Several tools use prior biological knowledge to interpret gene expression data. However, existing enrichment tools assume that variables are monotonic and incorrectly measure the distance between periodic phases. As a result, these tools are poorly suited for the analysis of the cell cycle, circadian clock, or other periodic systems. Here, we develop Phase Set Enrichment Analysis (PSEA) to incorporate prior knowledge into the analysis of periodic data. PSEA identifies biologically related gene sets showing temporally coordinated expression. Using synthetic gene sets of various sizes generated from von Mises (circular normal) distributions, we benchmarked PSEA alongside existing methods. PSEA offered enhanced sensitivity over a broad range of von Mises distributions and gene set sizes. Importantly, and unlike existing tools, the sensitivity of PSEA is independent of the mean expression phase of the set. We applied PSEA to 4 published datasets. Application of PSEA to the mouse circadian atlas revealed that several pathways, including those regulating immune and cell-cycle function, demonstrate temporal orchestration across multiple tissues. We then applied PSEA to the phase shifts following a restricted feeding paradigm. We found that this perturbation disrupts intraorgan metabolic synchrony in the liver, altering the timing between anabolic and catabolic pathways. Reanalysis of expression data using custom gene sets derived from recent ChIP-seq results revealed circadian transcriptional targets bound exclusively by CLOCK, independently of BMAL1, differ from other exclusive circadian output genes and have well-synchronized phases. Finally, we used PSEA to compare 2 cell-cycle datasets. PSEA increased the apparent biological overlap while also revealing evidence of cell-cycle dysregulation in these cancer cells. To encourage its use by the community, we have implemented PSEA as a Java application. In sum, PSEA offers a powerful new tool to investigate large-scale, periodic data for biological insight.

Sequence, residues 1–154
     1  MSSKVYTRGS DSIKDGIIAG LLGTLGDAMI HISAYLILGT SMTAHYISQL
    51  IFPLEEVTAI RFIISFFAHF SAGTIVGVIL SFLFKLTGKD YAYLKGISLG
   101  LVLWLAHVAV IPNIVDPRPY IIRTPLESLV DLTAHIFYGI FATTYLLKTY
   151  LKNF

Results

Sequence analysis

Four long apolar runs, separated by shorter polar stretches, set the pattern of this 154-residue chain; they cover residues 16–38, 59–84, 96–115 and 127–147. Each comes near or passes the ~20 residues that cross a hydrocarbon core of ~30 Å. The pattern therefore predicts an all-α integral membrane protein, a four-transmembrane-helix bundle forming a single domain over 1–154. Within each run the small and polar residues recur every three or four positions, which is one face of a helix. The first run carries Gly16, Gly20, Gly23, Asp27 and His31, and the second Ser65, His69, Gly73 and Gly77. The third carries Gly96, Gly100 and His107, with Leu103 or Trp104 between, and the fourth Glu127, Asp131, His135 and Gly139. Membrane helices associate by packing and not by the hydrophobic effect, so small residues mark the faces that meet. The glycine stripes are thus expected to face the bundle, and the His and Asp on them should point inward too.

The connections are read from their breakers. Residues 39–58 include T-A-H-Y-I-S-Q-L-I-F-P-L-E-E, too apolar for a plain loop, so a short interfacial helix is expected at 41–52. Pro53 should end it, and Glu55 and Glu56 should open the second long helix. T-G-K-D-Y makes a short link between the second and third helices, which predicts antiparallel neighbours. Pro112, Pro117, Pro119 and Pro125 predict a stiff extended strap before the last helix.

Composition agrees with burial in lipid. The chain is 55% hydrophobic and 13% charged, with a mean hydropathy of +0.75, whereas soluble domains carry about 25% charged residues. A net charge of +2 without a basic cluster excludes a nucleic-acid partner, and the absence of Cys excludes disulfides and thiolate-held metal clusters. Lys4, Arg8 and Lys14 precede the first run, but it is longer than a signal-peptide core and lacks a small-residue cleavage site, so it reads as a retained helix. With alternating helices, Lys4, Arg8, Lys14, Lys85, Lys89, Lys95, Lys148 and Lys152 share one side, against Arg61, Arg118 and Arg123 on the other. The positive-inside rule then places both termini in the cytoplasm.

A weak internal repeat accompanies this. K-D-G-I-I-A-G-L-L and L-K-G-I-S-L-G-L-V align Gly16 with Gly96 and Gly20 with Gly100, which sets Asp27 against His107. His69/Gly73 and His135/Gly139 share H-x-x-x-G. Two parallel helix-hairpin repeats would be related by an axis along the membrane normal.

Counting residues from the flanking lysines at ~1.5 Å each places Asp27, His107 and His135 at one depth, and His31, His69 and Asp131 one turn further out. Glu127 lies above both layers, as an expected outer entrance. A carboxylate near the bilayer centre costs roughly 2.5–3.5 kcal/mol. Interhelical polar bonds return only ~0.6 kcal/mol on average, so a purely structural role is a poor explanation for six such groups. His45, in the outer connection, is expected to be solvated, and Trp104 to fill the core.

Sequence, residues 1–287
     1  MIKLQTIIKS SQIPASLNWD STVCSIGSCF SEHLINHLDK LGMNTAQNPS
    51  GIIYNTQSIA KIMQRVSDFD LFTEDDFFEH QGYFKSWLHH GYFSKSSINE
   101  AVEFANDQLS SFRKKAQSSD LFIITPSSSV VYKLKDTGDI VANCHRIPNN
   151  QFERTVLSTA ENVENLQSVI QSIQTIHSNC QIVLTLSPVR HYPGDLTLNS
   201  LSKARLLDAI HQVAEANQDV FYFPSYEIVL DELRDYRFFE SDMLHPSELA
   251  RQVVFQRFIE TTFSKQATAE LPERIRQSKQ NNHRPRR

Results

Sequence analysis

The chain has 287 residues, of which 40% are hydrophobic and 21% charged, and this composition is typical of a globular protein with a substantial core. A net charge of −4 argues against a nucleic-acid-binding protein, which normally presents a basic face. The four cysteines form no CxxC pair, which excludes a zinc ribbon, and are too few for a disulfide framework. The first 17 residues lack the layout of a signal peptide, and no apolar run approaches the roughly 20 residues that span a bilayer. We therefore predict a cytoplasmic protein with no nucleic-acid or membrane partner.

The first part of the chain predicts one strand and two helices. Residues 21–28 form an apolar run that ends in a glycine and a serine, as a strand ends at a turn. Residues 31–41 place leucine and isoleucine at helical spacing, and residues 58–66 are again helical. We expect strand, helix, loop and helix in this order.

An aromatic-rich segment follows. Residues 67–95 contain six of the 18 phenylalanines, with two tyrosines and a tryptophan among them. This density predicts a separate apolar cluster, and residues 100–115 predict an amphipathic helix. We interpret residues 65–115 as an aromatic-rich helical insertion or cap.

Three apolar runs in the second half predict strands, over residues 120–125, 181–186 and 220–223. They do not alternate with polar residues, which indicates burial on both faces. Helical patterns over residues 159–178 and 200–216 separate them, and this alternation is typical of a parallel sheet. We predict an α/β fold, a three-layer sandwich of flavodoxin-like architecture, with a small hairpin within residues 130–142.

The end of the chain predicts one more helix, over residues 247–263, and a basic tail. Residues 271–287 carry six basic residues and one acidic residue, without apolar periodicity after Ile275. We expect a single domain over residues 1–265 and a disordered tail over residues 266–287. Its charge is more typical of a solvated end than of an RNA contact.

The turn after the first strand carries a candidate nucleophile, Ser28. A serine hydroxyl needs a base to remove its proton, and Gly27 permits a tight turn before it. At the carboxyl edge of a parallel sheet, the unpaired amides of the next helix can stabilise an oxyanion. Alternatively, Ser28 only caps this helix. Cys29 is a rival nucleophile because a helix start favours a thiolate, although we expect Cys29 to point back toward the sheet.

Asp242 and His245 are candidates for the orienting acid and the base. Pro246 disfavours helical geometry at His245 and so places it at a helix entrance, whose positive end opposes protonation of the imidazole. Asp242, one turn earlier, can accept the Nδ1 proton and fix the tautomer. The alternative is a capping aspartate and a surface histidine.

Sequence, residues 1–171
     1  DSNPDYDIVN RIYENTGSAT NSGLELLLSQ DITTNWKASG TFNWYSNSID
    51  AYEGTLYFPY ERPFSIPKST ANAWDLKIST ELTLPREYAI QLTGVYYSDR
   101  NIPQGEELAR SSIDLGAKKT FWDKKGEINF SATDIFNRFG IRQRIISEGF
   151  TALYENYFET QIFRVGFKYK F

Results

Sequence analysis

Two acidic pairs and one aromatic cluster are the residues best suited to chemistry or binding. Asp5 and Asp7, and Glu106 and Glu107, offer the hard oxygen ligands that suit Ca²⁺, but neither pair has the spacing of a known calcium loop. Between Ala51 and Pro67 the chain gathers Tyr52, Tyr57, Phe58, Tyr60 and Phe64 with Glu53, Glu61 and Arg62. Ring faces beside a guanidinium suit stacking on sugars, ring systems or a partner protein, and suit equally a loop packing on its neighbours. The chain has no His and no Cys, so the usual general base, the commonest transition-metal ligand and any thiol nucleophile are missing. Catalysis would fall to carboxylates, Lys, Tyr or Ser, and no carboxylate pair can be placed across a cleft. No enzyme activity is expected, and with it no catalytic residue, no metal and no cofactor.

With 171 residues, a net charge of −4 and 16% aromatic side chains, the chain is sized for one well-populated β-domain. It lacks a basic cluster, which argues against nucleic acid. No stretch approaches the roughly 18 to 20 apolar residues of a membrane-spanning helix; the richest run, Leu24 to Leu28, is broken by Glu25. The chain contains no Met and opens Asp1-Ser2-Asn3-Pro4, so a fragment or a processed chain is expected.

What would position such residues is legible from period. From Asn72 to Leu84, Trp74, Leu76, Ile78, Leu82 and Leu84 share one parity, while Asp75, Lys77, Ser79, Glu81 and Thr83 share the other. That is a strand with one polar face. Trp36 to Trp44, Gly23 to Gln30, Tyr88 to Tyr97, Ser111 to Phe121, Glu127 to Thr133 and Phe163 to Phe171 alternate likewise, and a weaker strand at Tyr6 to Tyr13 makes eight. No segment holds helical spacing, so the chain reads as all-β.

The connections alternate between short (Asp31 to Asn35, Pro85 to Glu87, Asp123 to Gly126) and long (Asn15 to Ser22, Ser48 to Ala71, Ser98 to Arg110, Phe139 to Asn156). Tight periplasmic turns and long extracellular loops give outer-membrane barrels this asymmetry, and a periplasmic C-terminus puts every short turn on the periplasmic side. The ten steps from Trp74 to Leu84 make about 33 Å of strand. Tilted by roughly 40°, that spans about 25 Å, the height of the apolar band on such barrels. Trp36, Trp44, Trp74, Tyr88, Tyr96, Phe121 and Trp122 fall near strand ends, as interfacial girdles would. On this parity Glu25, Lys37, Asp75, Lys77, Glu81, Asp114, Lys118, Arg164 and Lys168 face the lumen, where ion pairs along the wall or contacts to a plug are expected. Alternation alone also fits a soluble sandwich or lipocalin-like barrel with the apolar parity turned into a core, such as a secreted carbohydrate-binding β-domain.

Keywords: Kuiper; biological rhythms; cell cycle; circadian; gene expression; oscillatory; overrepresentation; periodic; phase set enrichment analysis.
© 2016 The Author(s).